GRAND FORKS, N.D.—The University of North Dakota School of Medicine and Health Sciences will confer the Doctor of Medicine (M.D.) degree during commencement ceremonies Sunday, May 12, at the Chester Fritz Auditorium on the UND campus in Grand Forks.
Patrick Carr, Ph.D., associate professor in the Department of Anatomy and Cell Biology at the School of Medicine and Health Sciences will deliver the keynote address titled "Essentials of Career Management." Carr was raised in western Manitoba and completed his undergraduate education at Brandon University and a doctoral degree in physiology at the University of Manitoba. He then completed further training at the University of Manitoba, the National Institutes of Health in Bethesda, Md., and at Wright State University in Dayton, Ohio. He joined the University of North Dakota in 1998, where he is currently the director of the basic sciences component of the first-year medical curriculum and assistant dean for Faculty Development for the School of Medicine and Health Sciences. Medical students have honored Carr with 14 Instructor Awards. His research has focused on understanding the neurochemistry and neurophysiology of pain and motor control. His teaching responsibilities currently include gross anatomy and neuroscience.
Fifty-nine degree candidates will participate in the ceremony. The graduates have completed four years of medical education to earn their Doctor of Medicine, beginning with two years of instruction at the UND campus in Grand Forks, followed by two years learning and working with practicing physicians who volunteer to serve as their teachers in hospitals and clinics throughout North Dakota. Upon graduating, the doctors will complete their residencies, a period of advanced intensive training in their chosen medical specialty before independent practice as a physician. Depending on the medical specialty, medical school graduates complete anywhere from three to seven years of residency training after medical school.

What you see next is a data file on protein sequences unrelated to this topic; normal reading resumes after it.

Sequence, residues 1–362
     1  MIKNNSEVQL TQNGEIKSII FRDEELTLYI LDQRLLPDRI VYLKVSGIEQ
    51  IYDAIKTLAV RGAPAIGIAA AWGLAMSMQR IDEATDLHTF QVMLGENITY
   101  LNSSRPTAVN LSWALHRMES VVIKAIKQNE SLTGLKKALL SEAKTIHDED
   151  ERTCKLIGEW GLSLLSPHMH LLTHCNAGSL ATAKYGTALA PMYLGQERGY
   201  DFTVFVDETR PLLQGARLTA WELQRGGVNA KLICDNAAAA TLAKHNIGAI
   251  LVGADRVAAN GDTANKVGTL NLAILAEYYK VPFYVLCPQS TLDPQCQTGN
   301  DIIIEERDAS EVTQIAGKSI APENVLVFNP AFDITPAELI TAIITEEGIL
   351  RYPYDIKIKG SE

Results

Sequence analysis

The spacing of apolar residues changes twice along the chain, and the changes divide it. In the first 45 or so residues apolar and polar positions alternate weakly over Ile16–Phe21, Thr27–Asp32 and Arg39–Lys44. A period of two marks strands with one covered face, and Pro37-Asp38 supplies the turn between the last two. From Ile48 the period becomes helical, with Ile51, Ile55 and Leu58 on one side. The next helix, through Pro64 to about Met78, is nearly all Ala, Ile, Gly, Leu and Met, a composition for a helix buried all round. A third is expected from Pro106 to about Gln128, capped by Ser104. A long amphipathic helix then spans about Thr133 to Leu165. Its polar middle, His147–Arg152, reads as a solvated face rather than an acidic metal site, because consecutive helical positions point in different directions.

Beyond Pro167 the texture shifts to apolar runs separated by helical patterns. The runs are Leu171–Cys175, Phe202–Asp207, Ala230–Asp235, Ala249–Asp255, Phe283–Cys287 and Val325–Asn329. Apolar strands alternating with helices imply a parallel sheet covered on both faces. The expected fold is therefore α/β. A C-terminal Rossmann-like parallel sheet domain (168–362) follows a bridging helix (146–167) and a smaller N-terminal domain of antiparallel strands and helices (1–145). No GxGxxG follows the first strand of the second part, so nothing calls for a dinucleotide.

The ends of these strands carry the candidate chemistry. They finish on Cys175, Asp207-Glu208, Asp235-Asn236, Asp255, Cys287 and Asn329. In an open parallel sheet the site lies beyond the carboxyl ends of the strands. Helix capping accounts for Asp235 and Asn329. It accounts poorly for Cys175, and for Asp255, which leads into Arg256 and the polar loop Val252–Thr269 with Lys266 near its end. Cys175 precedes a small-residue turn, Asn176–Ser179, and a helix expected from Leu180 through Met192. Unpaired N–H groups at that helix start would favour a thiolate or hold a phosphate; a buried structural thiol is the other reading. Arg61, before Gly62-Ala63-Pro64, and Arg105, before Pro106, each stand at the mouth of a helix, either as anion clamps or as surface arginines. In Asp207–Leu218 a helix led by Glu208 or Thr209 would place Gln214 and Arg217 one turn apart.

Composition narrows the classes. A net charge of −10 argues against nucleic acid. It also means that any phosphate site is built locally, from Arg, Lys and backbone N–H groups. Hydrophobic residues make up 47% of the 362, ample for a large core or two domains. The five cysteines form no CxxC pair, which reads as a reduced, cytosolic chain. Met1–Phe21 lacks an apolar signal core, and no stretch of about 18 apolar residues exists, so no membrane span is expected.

The UND School of Medicine and Health Sciences currently has 258 students enrolled in the four-year Doctor of Medicine program, which is recognized nationally as a leader in producing family physicians.
Contact: Denis MacLeod, assistant director, Office of Alumni and Community Relations, UND School of Medicine and Health Sciences, (701) 777-2733, firstname.lastname@example.org